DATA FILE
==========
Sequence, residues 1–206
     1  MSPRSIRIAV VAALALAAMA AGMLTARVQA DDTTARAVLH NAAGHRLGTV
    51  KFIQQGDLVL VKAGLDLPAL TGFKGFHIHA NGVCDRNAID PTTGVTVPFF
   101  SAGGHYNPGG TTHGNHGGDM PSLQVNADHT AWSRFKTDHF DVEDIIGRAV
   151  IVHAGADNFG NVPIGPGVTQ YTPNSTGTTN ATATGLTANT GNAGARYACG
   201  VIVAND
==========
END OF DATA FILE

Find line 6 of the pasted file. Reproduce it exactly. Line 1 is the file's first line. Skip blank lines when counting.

   201  VIVAND